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May it be a light to you in dark places, when all other lights go out.–

J.R.R. Tolkien, The Fellowship of the Ring

My team and I are glad you dropped in!

As the coronavirus continues to spread, we are all seeking paths to mental and physical wellness. The isolation, fear, and despair of mental health conditions are no stranger to me.

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Out Of the Abyss

Featured

(A story of healing and hope)

The opposite of depression is not happiness; it is vitality

Andrew Solomon

One of the main themes of Light at Sea is that healing and hope grow when we talk openly about mental health and addiction, so I thought I’d start by telling my own story.

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HAPPY NEW DAY!

The best laid schemes o’ Mice an’ Men…lea’e us nought but grief an’ pain.   

Robert Burns (1785)

INTRODUCTION

Before the confetti settles onto the shards of 2020, I want to talk about New Year’s resolutions. As usual, look for some statistics, a personal story about your intrepid, sometimes hypocritical blogger, and some thoughts on solving the frustrating conundrums that these insane promises we make to ourselves (and boldly proclaim to others) create. How dare I label a well-intentioned self-help plan “insane?” The answer lies in a combination of Professor Einstein’s definition of insanity and some annoying statistics. 

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THEY LIKE US JUST THE WAY WE ARE.

(Why impostor syndrome is itself an impostor.)

If you can meet with Triumph and Disaster and treat those two impostors just the same.

If, Rudyard Kipling

INTRODUCTION

Fred Rogers may have liked us just the way we are, but most of us don’t share his upbeat opinion. We gnash our teeth and silently scream, “I hate myself!” We’re sure that any success that might have drifted our way was just luck, not ability.

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IT TAKES A SEAL TEAM

No [person] left behind. USMC

INTRODUCTION.

“It takes a village.” “There’s strength in numbers.”  These wise cliches notwithstanding, so many of us lead lives of isolation, a physical reality and harmful state of mind that are being exacerbated day after day as COVID cases increase. Today, I will talk about combating the depression and fear that loneliness often brings.

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ZENNIS

(Mindfulness and the Spin of the Ball)

The first skill needed for the inner game is called ‘letting it happen’. W. Timothy Gallwey, “Tennis: Playing the Game.”

In my cozy, book-lined blog workshop, I have been trying to write a post on meditation and its first cousin, mindfulness.  Because I am a neophyte practitioner of these time-honored arts, I decided to start with a subject that I know more about: tennis. What has that time-honored sport got to do with mindfulness, you may ask? Please read on.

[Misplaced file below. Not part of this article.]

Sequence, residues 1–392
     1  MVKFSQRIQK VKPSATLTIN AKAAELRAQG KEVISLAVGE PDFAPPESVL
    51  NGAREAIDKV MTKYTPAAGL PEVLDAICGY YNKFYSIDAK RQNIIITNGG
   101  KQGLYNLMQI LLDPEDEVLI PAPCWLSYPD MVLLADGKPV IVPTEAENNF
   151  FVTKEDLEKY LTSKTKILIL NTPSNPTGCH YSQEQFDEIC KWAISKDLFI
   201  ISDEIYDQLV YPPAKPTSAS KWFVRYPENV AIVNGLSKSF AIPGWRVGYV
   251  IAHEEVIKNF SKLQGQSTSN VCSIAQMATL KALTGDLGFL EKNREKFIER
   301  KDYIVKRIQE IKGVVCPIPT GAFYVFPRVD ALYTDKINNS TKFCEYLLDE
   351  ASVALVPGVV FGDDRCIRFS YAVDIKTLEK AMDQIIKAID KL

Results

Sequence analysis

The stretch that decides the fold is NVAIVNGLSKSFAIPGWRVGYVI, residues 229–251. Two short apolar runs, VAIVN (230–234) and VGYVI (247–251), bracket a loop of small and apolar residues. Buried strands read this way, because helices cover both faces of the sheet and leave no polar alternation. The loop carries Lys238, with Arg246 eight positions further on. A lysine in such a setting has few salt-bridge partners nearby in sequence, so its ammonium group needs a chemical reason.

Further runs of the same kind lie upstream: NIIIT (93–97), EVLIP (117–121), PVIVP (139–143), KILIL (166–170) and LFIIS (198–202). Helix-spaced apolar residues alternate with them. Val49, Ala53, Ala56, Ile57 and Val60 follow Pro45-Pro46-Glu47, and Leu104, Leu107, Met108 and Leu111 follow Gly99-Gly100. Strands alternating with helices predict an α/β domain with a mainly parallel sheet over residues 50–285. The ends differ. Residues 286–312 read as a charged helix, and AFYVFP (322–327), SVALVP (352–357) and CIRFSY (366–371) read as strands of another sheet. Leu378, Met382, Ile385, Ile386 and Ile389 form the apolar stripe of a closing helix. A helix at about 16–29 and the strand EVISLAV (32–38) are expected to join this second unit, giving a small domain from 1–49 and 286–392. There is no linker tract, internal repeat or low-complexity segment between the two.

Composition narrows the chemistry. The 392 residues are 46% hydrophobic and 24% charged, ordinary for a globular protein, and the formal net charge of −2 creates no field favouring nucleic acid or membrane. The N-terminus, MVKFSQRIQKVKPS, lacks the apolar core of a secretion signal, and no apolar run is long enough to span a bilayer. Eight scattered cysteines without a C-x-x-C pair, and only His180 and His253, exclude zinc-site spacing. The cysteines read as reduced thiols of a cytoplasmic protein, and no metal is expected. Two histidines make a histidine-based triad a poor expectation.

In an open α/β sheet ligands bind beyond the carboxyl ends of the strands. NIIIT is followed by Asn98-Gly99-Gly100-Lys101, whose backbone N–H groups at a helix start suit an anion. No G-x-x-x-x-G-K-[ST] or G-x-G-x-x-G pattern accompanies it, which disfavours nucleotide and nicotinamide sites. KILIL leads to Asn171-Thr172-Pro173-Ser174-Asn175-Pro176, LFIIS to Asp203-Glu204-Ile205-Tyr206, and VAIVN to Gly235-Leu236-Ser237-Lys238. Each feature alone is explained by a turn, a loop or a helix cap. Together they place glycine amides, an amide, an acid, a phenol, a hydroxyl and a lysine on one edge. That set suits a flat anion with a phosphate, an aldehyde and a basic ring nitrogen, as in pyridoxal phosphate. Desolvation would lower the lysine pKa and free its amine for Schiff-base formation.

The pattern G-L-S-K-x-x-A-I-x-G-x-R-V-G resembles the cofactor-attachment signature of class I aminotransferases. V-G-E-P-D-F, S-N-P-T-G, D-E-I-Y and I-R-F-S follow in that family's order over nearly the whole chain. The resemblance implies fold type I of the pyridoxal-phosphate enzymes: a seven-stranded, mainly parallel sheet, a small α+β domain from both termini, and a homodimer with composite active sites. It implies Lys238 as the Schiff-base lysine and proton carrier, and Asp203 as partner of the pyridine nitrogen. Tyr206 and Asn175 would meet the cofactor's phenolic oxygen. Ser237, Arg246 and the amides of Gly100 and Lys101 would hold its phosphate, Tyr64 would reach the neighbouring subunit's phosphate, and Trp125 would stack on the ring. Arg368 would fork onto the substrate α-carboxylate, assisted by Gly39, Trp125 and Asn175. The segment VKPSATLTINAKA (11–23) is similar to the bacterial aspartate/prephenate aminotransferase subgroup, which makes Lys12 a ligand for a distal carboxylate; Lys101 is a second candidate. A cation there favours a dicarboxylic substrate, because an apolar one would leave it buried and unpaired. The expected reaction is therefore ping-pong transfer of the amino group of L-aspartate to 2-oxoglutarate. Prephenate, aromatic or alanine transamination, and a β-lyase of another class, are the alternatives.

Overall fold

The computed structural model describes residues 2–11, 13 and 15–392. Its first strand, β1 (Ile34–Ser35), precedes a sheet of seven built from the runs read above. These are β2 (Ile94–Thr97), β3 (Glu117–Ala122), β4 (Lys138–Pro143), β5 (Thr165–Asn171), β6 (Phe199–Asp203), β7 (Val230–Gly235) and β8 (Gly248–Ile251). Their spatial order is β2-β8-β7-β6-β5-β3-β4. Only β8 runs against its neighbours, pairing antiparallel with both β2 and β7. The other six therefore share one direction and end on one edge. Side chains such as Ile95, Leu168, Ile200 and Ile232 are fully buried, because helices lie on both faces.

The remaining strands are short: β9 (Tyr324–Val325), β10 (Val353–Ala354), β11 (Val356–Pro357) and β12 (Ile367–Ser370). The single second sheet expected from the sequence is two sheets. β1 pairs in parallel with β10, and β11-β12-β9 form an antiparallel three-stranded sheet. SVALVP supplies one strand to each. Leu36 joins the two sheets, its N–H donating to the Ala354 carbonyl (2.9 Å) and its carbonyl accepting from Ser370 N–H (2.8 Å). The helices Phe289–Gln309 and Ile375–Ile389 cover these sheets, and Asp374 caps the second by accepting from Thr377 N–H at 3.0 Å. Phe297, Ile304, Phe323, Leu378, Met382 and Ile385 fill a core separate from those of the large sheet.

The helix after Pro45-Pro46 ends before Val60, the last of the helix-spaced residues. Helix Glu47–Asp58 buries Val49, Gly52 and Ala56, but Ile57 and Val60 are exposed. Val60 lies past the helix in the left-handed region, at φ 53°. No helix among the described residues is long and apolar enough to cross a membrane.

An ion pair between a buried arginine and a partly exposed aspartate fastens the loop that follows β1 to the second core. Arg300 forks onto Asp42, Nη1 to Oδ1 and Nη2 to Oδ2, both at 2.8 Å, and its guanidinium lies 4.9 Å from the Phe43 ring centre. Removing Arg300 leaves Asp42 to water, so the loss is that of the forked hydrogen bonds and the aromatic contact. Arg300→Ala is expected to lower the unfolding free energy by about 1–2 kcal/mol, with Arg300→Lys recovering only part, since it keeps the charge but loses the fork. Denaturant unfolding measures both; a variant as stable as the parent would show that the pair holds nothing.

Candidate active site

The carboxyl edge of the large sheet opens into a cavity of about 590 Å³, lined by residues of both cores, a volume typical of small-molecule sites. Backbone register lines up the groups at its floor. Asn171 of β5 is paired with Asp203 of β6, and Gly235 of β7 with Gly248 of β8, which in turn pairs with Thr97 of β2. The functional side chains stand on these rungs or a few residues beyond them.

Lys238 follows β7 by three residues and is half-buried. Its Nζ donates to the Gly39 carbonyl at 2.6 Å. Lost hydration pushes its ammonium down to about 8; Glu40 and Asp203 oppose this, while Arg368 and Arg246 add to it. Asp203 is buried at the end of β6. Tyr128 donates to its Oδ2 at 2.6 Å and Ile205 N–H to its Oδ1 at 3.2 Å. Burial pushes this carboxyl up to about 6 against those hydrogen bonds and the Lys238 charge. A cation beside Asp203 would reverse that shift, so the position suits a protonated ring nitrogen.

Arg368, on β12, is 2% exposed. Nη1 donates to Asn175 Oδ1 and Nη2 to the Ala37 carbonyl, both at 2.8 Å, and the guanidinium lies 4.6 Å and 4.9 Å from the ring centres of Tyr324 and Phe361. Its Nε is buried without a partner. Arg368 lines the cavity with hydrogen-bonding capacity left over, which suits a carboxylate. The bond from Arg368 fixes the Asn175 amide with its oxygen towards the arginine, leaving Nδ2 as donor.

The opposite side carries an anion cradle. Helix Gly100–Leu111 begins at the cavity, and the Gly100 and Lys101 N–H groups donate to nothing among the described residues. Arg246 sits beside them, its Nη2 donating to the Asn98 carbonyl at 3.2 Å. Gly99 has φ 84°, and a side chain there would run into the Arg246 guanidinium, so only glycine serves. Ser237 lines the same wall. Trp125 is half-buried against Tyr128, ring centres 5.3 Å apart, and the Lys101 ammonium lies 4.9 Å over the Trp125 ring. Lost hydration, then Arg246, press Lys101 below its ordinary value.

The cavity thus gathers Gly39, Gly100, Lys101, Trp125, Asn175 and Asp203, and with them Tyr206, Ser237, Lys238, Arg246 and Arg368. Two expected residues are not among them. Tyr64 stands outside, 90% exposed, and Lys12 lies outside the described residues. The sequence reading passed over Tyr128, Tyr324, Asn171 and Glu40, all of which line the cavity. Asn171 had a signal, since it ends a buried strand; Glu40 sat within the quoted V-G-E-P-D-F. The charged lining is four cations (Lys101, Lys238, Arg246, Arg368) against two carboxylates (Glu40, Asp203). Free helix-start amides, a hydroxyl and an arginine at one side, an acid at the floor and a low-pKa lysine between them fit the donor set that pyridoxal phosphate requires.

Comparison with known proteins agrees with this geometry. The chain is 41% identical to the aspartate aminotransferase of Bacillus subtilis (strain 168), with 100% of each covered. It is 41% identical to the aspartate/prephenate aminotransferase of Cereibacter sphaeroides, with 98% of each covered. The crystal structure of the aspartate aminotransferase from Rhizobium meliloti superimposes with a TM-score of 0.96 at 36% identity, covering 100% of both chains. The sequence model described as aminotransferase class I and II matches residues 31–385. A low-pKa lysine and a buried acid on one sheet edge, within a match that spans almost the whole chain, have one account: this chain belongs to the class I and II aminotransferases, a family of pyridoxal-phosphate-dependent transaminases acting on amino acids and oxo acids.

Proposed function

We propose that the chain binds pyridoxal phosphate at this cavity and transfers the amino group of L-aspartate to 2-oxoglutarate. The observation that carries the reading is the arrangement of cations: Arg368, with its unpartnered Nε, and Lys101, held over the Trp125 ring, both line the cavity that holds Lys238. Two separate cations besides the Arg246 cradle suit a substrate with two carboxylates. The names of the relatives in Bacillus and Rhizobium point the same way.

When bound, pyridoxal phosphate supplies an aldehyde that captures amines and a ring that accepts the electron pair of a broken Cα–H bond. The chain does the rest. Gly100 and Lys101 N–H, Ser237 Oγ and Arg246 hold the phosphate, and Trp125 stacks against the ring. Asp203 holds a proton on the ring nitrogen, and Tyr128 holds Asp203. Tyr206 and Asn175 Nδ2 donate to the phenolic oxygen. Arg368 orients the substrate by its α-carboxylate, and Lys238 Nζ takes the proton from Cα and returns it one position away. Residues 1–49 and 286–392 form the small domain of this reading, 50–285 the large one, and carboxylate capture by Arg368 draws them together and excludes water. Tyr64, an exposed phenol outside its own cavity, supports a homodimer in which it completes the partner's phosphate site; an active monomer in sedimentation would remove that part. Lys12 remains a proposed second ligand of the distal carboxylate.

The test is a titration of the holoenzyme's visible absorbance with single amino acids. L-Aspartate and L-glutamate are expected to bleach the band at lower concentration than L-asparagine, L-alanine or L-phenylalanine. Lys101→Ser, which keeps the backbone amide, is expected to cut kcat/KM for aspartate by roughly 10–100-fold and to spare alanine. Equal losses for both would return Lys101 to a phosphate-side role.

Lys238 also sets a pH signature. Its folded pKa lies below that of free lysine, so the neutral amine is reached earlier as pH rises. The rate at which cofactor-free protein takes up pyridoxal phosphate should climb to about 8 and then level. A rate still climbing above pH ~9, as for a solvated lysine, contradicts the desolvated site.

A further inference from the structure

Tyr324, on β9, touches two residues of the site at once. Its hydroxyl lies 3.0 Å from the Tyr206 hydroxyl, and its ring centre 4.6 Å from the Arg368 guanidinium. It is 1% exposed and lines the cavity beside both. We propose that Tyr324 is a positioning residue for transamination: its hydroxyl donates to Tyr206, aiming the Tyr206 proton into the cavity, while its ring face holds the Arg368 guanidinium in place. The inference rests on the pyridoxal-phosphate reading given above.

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Exercise shouldn’t be the “E” word.

There are few things that you can’t do if you are willing to apply yourself.

Greg Lemond

INTRODUCTION

“Go get some exercise!” Great advice! After all, the mental and physical health benefits of daily exercise are tremendous. For folks like me who practice self-care to manage depression, it has been wonderful to experience directly what studies show:  Regular, modest exercise is at least as effective as antidepressants. Healthy Living.

So, why is it sometimes so bloody hard to follow this great advice? What follows are some thoughts on how to actually look forward to exercising rather than dreaming up excuses not to.

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IT’S THE HELMET, SILLY

(Smarter cycling in the smartphone age.)

Having talked a bit about bike riding in my last post, Cycling For Justice, I want to share some risk mitigation tips I have learned training for and struggling through long organized rides since 1996. Note that I am not using the words “safe” or “safety.” As with anything worth doing, cycling has a number of risks. Although they can’t be eliminated (even by the most zealous helicopter parents), here are some tips for reducing them:

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CYCLING FOR JUSTICE

(A Dime per Climb)

I had intended in this week’s post to explore mindfulness and meditation, strategies in the self-care tool kit. Instead, I want to talk today about issues of racism that have been highlighted yet again by the May 25 murder of George Floyd, and by the homicides of so many other innocent black victims, by police sworn to serve and protect them. These slayings have re-focused national attention on, and raised fundamental questions about, the deeply embedded racism against blacks in this country:

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FEAR DREADS RESILIENCE

So, first of all, let me assert my firm belief that the only thing we have to fear…is fear itself.

President Franklin Delano Roosevelt

Introduction

I can’t remember when I first heard those famous words, but I’m glad I remember them now. They will live in famy. (This is my blog so I can make up words if I jolly well like.) They are as timely, necessary, and inspirational now as they were when FDR addressed a terrified nation in 1933.

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